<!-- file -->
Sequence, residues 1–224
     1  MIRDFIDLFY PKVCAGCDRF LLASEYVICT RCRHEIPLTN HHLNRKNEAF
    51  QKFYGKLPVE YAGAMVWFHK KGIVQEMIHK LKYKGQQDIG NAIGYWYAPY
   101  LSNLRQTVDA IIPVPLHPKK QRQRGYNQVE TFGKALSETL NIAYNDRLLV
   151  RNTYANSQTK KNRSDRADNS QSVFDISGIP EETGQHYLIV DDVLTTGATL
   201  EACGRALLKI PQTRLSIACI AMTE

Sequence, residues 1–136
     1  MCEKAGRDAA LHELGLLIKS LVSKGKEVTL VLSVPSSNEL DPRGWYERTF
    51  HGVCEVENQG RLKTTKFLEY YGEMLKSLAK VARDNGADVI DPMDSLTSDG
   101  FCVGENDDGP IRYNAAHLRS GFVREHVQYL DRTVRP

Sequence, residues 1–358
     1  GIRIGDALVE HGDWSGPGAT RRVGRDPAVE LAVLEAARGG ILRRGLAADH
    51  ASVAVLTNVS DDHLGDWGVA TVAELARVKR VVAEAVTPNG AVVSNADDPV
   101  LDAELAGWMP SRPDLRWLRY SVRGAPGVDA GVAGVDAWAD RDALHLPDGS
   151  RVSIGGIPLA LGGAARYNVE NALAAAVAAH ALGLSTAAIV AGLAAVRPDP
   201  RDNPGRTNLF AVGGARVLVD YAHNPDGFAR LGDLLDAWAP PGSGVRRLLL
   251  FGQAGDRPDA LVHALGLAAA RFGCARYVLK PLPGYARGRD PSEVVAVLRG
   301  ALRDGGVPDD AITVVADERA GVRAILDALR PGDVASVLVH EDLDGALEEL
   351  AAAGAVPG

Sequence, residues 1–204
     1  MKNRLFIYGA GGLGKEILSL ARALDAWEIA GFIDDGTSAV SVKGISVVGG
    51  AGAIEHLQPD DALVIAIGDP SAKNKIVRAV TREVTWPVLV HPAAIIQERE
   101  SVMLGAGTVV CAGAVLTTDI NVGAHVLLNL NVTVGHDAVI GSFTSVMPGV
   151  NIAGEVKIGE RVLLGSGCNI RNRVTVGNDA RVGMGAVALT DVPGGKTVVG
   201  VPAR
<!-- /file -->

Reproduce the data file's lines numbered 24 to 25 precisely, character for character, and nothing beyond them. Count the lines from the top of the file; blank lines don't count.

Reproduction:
   151  NIAGEVKIGE RVLLGSGCNI RNRVTVGNDA RVGMGAVALT DVPGGKTVVG
   201  VPAR